A Chance To Learn More About Dental Loupes
My love affair with magnification loupes started 17 years ago. They just made sense clinically and my postural improvements were astonishing.
By ANNE NUGENT GUIGNON, RDH
My love affair with magnification loupes started 17 years ago. They just made sense clinically and my postural improvements were astonishing. Loupes allow me to provide better clinical care with less strain on my body, and my brain is amazed with how magnification makes even the minutest details easier to see.
In addition to appreciating the clinical benefits, my inner geek always wants to know how things work. Customized equipment doesn’t jump off a shelf; it comes from meticulous assembly based on precision measurements. Through the years, I’ve had several opportunities to visit a factory where loupes are made, which was time well spent, but I’ve always wanted to learn how to take the measurements necessary to create custom magnification.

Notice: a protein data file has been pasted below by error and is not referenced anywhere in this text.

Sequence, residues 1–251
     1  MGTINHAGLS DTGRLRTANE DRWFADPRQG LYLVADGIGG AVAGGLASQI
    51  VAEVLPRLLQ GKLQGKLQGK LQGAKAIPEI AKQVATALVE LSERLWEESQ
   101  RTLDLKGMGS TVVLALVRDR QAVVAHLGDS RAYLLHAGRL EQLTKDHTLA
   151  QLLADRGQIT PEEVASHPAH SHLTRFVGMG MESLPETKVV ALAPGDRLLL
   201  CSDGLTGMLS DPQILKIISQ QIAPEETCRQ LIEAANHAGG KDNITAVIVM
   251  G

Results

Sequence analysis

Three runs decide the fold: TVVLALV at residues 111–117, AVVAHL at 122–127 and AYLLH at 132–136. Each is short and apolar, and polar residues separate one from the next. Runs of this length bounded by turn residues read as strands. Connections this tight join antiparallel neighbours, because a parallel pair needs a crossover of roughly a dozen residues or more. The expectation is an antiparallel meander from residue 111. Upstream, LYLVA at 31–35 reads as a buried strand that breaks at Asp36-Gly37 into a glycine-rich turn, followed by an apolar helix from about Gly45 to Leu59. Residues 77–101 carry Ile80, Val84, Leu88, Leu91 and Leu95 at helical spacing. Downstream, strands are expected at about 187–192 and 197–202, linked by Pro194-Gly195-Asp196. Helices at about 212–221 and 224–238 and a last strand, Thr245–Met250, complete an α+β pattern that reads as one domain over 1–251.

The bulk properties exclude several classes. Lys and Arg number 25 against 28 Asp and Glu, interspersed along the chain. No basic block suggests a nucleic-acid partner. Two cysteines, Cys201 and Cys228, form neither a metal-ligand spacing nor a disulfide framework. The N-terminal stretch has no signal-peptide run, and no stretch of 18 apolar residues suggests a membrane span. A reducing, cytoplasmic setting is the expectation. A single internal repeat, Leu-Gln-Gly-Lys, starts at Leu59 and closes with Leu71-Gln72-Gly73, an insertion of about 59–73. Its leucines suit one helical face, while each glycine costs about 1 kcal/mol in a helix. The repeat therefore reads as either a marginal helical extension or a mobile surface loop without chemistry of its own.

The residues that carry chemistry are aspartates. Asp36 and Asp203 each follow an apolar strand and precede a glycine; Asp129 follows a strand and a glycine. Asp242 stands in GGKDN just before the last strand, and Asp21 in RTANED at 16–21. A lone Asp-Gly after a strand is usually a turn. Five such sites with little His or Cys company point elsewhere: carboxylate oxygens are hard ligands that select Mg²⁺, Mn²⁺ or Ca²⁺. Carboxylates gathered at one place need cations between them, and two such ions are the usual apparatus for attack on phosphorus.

During a recent lull in the ADHA annual session exhibit hall in Phoenix, I had an opportunity to learn how to measure the working distance, interpupillary distance, and where the oculars should be placed in a frame’s carrier lens. It’s been a long time since I’ve tackled a new task that requires digital dexterity. It looks easy in the hands of someone who routinely takes measurements, but I got a severe case of fumbling fingers trying to read the millimeter markings on a small ruler laid against a frame. At the end of 30 minutes, my young coach, Devon, declared that I had passed Basic Measurements 101. Whew!